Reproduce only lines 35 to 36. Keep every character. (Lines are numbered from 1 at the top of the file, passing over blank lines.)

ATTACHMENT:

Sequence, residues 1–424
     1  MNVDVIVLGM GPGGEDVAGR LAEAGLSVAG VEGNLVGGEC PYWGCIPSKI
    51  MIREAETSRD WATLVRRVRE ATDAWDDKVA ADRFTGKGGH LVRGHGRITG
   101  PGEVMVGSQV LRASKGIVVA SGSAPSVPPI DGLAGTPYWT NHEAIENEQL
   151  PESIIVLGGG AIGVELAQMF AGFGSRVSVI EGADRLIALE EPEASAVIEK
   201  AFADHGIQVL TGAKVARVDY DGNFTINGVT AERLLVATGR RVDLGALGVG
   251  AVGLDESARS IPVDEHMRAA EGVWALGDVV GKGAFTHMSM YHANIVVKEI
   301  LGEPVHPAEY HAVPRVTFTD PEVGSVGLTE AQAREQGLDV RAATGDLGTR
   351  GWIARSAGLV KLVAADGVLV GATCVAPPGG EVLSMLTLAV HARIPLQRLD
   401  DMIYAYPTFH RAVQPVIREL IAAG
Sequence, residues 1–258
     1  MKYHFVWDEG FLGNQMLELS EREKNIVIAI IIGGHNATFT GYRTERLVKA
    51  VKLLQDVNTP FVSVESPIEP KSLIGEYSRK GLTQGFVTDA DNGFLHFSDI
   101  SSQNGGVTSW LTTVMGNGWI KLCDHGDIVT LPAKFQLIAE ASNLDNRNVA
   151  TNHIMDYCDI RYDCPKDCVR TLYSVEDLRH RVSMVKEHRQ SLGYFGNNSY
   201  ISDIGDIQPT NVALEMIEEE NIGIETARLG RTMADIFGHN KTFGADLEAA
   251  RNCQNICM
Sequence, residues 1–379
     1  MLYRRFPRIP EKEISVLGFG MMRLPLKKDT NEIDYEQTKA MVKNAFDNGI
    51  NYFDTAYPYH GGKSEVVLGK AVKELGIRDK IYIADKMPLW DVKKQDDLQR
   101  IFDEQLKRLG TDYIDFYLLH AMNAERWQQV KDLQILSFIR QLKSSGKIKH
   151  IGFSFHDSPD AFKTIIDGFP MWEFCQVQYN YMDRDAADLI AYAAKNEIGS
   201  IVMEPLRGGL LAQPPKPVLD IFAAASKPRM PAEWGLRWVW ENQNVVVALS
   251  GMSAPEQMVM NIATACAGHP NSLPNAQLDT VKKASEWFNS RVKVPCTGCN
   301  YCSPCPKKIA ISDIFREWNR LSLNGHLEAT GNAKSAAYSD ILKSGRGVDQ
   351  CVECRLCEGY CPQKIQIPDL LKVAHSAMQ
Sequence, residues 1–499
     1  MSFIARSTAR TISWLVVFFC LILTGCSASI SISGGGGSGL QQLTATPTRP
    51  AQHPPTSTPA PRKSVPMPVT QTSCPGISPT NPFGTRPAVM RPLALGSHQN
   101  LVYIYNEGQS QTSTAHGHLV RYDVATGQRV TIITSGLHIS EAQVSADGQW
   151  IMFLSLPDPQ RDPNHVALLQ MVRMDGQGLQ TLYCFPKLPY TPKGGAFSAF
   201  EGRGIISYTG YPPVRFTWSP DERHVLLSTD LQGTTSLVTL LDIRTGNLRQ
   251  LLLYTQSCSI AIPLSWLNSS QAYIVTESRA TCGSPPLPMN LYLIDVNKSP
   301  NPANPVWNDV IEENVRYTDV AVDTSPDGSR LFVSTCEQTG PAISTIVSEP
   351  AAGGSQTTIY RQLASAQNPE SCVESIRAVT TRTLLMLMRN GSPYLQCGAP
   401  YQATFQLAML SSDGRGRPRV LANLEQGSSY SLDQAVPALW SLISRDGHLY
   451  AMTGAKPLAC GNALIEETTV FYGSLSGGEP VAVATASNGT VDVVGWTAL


   351  AAGGSQTTIY RQLASAQNPE SCVESIRAVT TRTLLMLMRN GSPYLQCGAP
   401  YQATFQLAML SSDGRGRPRV LANLEQGSSY SLDQAVPALW SLISRDGHLY